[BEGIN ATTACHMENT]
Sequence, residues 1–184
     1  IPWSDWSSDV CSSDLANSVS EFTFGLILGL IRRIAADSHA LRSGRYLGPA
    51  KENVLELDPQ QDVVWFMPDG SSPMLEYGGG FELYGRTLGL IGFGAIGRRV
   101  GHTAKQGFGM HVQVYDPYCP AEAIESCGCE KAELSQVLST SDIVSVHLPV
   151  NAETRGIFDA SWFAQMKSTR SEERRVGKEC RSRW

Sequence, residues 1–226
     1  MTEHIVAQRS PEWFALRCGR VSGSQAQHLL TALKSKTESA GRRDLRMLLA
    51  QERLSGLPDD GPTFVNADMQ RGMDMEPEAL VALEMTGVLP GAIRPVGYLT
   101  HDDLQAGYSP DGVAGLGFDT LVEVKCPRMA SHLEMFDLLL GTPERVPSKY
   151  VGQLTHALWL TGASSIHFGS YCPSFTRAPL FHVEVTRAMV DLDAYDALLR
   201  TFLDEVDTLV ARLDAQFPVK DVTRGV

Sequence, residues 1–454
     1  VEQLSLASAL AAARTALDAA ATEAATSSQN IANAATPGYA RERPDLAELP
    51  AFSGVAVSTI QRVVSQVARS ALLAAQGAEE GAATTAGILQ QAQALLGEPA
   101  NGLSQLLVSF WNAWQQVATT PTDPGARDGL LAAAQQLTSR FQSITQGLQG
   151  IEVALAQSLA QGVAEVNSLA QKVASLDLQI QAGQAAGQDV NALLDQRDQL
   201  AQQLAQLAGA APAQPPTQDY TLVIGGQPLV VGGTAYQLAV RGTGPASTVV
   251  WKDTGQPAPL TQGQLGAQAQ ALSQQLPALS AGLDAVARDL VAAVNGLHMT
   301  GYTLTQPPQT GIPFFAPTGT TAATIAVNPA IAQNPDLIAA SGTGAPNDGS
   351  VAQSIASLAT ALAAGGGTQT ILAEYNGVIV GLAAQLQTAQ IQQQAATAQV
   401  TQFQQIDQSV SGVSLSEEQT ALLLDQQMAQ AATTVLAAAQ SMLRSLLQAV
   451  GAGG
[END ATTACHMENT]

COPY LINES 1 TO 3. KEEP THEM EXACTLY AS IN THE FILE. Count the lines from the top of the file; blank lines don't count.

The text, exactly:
Sequence, residues 1–184
     1  IPWSDWSSDV CSSDLANSVS EFTFGLILGL IRRIAADSHA LRSGRYLGPA
    51  KENVLELDPQ QDVVWFMPDG SSPMLEYGGG FELYGRTLGL IGFGAIGRRV